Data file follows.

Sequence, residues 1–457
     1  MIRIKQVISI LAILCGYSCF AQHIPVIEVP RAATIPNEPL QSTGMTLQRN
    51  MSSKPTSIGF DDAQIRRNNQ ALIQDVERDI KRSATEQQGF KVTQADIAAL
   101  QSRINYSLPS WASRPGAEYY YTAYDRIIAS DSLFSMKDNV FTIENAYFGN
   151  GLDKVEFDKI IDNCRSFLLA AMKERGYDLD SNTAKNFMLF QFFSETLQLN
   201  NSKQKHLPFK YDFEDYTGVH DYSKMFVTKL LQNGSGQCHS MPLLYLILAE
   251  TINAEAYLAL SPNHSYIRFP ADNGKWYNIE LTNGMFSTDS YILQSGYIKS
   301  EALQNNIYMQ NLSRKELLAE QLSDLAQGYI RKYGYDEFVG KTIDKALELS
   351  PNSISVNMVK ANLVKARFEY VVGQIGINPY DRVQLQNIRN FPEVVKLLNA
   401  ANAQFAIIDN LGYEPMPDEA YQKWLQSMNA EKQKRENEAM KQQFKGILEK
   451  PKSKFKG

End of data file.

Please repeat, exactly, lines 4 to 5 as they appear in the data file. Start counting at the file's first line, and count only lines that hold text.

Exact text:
   101  QSRINYSLPS WASRPGAEYY YTAYDRIIAS DSLFSMKDNV FTIENAYFGN
   151  GLDKVEFDKI IDNCRSFLLA AMKERGYDLD SNTAKNFMLF QFFSETLQLN